Can you tell if a person comes from a specific country? Before coming to Japan, I had no idea how to distinguish Japanese, Korean and Chinese from one another. I had quite a few experience (when I was in the university as an international student) of trying to speak Japanese to a fellow student who I thought is Japanese, but after all, turned out to be Korean or Chinese (who is new to Japan and cannot speak Japanese).
To avoid future embarrassment of assuming someone is not, let me discuss their similarities and differences. This is according to my personal observations and the opinions of my friends with who I shared and discussed the subject.
Japanese, Korean and Chinese, generally, have the same skin characteristics. It is popular that their skin is more resistant to aging and that they have fair, light porcelain-like skin. It is due to its extreme sensitivity to environmental factors and chemicals effects of some products, which can disrupt the skin’s pH balance. For this reason, advertising about skin beauty care in Asian countries is very economical as Japanese, Korean and Chinese (especially girls) have to be more careful with products and treatments they use on their skin. It is even impressive to see the number of skin care products builds on the myth that Asian skin would look amazing and healthy for a long time. So, it is hard to tell who is who if you only look at their skin.
2. Body built
There are of course differences in body built among Japanese, Korean and Chinese people. As human as we are, we can be fat, thin, big or small. It all depends on our individual diet and consumption, not to mention our genes. Although we have a general impression as to how, for example, an American body tend to be (tall and big). Asians, specifically Japanese, Korean, and Chinese, are typically slim body built and kind of short in terms of height. But be careful not to label all of them slim and short, because, as I have said, everyone is different. Some can still be tall, big and fat.
1. Facial Features
They may look the same, but if you are a keen observer eyes, there are a few distinguishing characteristics. The Japanese face is generally longer and wider while the Korean face often has a more prominent jaw and high cheekbones. The Chinese face is typically round in shape. When it comes to the “windows of the soul”, the Japanese eyes are often described as angled upwards, contrary to the Chinese eyes which are usually angled downwards. Koreans often have smaller eyes.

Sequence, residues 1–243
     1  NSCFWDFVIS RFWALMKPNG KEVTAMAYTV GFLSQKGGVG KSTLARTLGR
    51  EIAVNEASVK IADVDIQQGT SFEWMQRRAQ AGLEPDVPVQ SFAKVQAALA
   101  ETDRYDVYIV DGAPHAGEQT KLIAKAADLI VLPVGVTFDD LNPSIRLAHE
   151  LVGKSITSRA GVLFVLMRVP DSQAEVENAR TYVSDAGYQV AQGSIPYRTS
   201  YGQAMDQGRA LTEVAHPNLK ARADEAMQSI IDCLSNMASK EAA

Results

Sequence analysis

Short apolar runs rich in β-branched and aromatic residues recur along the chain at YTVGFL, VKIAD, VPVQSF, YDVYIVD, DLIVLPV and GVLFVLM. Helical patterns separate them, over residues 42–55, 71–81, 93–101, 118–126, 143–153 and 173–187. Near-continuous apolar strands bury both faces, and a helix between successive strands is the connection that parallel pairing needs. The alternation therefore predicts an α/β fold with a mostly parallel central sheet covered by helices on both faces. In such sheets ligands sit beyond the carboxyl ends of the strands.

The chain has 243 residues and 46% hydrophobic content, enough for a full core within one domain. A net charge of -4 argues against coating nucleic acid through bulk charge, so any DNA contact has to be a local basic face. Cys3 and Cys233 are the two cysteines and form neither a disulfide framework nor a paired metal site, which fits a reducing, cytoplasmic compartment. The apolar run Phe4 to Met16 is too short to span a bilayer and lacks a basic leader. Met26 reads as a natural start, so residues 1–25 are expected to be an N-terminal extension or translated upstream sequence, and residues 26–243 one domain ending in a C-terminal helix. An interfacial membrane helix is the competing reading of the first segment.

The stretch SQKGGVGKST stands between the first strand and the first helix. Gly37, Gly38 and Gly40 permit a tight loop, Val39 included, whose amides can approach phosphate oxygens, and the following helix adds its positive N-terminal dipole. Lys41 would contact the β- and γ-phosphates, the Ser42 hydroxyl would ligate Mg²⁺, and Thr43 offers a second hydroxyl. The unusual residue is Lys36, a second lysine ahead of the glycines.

2. Dressing style
My Japanese friend told me that it is easy to tell whether a person is Japanese or Korean. Just look at how they dress. Japanese people value harmony and uniformity, hence when they dress up, it is something aimed to blend with the majority. Plain, simple and subtle colors are the key to typical Japanese attire. Nothing that stands out. I observed that wearing suits is very common in Japan. May it be a final (research) presentation in school, a job internship, a job interview, graduation; Japanese usually wear suits, in black and white (inner). Very seldom you can see a coloured inner. Contrary to Japanese, most Koreans wear bright and more colourful attire. I remember my Korean friend said in her culture presentation in school, that, unlike in Japan, they can wear nice colourful dresses when they do their internship and especially during the job interview.
Also, Korean fashion clothes go with the trend while Japanese fashion clothes put more emphasis on personal touch. Chinese, on the other hand, due to its high cultural diversity is difficult to distinguish.
Even up to now, after living for quite some time in Japan, it is still challenging for me to tell which is what, and who is who. Even people of geographically close countries and that for a long time before in the history was considered similar without distinction, can look different. It is hard to generalize. We can never actually generalize. As the saying goes “Everyone is unique”!